10 Directors Who Turned Down Star Wars

Barry King / Contributor
Barry King / Contributor

Since the first Star Wars movie was released in 1977, the space opera has become a bona fide pop culture phenomenon. And while working on a Star Wars film would seem to be a boon to any filmmaker's career, several well-known directors have passed on the chance to direct Han Solo, Princess Leia, Chewbacca, and the rest of the gang. Even J.J. Abrams, director of the upcoming The Force Awakens, initially turned down the job because he wanted to stay loyal to the Star Trek franchise.

"There were the very early conversations, and I quickly said that, because of my loyalty to Star Trek and also just being a fan, I wouldn't even want to be involved in the next version of those things," Abrams told Empire magazine. "I declined any involvement very early on. I'd rather be in the audience not knowing what was coming, rather than being involved in the minutiae of making them."

A few weeks later, however, Abrams made a deal with Disney to helm Star Wars: Episode VII. But here are 10 other noted filmmakers who turned down the chance to direct a Star Wars movie. 

1. DAVID LYNCH

In 1980, David Lynch gained commercial and critical acclaim for The Elephant Man, which earned eight Academy Award nominations, including Best Picture and Best Director. Afterwards, George Lucas approached Lynch about directing Return of the Jedi. The filmmaker turned down the offer because he didn’t understand the movie and wasn’t a big fan of the science fiction genre.

“I went to meet George Lucas, who had offered me the third Star Wars to direct, and I’ve never even really liked science fiction,” Lynch said in an interview. “I like elements of it, but it needs to be combined with other genres. And, obviously, Star Wars was totally George’s thing.” Oddly, Lynch ended up turning down Return of the Jedi to helm the film adaptation of Dune in 1984. Return of the Jedi was (unsurprisingly) a huge hit, while Dune was a box office bomb.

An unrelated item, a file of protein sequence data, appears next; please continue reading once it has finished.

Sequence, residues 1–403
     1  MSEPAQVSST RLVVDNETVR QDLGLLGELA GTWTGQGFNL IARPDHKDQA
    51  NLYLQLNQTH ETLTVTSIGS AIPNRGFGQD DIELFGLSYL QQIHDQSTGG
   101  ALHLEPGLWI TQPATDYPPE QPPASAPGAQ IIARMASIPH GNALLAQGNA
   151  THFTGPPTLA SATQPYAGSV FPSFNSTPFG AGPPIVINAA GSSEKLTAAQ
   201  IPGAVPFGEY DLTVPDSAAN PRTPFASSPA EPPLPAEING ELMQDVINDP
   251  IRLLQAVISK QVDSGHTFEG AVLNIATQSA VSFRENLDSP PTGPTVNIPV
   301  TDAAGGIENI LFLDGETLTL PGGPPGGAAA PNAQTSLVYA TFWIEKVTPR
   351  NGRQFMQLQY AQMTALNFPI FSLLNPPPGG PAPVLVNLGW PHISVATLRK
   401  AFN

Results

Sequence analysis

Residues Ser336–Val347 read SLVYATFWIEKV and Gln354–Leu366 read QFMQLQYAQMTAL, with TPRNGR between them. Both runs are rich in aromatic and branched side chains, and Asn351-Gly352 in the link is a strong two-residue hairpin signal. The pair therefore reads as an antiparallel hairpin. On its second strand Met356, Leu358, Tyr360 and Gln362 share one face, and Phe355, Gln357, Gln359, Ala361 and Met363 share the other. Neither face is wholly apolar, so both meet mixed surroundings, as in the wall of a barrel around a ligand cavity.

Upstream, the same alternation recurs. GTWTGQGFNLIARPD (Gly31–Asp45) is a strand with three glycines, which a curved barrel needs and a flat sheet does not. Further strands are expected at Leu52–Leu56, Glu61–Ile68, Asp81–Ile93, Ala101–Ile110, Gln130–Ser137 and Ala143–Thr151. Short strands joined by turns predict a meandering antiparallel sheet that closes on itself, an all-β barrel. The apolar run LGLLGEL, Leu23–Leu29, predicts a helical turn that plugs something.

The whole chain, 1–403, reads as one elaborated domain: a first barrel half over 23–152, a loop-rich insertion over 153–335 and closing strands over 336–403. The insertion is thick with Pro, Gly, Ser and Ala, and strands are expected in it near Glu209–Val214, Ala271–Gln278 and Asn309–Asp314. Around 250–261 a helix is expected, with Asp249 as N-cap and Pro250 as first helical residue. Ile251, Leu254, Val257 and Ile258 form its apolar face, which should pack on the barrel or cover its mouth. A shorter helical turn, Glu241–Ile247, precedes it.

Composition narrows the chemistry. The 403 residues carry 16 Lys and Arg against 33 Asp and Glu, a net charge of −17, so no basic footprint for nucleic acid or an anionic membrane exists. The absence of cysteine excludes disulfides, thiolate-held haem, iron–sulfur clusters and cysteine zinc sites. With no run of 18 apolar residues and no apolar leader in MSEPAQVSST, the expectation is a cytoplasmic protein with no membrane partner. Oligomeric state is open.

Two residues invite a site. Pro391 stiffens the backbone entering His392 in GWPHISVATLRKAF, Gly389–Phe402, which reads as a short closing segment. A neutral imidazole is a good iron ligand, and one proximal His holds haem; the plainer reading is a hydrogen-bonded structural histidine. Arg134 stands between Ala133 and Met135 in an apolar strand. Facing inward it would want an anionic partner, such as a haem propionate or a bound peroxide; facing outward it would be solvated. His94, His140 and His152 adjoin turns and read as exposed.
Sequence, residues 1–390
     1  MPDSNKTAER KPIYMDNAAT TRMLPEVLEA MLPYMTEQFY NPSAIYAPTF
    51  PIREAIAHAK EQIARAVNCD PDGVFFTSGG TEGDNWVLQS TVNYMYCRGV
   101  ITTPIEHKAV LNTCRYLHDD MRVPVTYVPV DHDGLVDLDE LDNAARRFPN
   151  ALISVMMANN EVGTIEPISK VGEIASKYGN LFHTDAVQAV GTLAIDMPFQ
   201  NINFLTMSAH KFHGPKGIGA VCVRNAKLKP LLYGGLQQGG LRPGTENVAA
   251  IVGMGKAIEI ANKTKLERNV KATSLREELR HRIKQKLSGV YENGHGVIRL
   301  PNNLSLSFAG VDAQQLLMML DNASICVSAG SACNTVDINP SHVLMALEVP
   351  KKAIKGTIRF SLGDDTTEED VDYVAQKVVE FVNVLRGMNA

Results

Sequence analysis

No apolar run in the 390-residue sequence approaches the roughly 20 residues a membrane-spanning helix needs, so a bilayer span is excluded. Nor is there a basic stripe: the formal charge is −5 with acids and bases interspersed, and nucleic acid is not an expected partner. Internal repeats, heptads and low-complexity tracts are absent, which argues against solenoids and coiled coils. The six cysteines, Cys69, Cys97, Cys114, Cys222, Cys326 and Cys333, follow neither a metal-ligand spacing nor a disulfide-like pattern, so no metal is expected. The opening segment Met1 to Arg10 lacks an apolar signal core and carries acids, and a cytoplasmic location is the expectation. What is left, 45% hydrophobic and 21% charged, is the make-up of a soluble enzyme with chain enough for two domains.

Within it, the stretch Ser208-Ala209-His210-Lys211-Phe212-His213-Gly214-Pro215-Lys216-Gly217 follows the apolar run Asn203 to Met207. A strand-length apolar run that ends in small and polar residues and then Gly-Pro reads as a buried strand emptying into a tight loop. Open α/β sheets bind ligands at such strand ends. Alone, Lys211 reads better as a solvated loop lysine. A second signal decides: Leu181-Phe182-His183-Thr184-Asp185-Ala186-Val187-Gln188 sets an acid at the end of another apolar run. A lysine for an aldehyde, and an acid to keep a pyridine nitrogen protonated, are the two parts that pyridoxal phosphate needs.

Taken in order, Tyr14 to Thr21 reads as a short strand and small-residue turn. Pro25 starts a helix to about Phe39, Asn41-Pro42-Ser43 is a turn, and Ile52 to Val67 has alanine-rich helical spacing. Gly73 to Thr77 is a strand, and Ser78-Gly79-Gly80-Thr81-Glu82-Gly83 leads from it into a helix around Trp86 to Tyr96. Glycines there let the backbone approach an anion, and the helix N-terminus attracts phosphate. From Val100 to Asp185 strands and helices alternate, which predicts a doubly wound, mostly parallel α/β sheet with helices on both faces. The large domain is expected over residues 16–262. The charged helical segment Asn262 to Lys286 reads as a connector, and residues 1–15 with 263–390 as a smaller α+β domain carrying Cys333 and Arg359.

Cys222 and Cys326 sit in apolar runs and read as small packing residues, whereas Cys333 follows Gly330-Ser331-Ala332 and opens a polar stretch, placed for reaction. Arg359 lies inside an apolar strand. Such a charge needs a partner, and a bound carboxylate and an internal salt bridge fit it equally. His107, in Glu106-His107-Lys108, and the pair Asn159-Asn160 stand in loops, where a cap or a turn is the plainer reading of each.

2. STEVEN SPIELBERG

David Lynch wasn't George Lucas’ first choice to direct Return of the Jedi; that honor belongs to Steven Spielberg. But because of a credit dispute with the Directors Guild of America, Spielberg was unable to accept the job because of his clout and membership in the organization. As a result, Lucas left the DGA after they fined him $250,000.

In 2002, Spielberg revealed that he wanted to helm a Star Wars prequel film, but this time around, Lucas turned him down. “I've asked [Lucas]. He won't let me do one. I wanted to do one 15 years ago, and he didn't want me to do it. I understand why—Star Wars is George's baby. It's his cottage industry and it's his fingerprints. He knows I've got Jurassic Park and Raiders. But George has Star Wars and I don't think he feels inclined to share any of it with me."

In addition, when Disney announced its acquisition of Lucasfilm and plans to release Episode VII in 2015, Spielberg once again turned down an opportunity to helm a Star Wars movie. "No! No!,” he told Access Hollywood. “It's not my genre. It's my best friend George's genre."

Fun Fact: Spielberg was uncredited as a second unit director on 2005's Revenge of the Sith. He helped Lucas design a few of the actions sequences during pre-production, namely Anakin Skywalker and Obi-Wan Kenobi’s lightsaber duel. He wanted to experience using Industrial Light & Magic’s pre-visualisation software and techniques.

3. GUILLERMO DEL TORO

Horror and fantasy filmmaker Guillermo del Toro is responsible for some of the most creative genre films made in the last 20 years, including The Devil’s Backbone, Pan’s Labyrinth, and the Hellboy movies. In 2012, Disney and Lucasfilm called del Toro to find out if he was interested in making Episode VII.

"We got one phone call to my agent saying, 'Is Guillermo interested?'" del Toro told The Playlist. "And basically I have so much stuff already of my own." Though he did add that, “it was very nice to be asked, but believe it or not, I'm busy enough."

4. NEILL BLOMKAMP

Neill Blomkamp’s Elysium was produced by Simon Kinberg, who has been heavily involved with the resurgence of the Star Wars franchise since Disney acquired the property from Lucasfilm in 2012. Kinberg broached the idea of making a Star Wars movie with Blomkamp, but the filmmaker declined because he wasn't comfortable with the idea of adapting someone else's work, especially as part of such a beloved film series.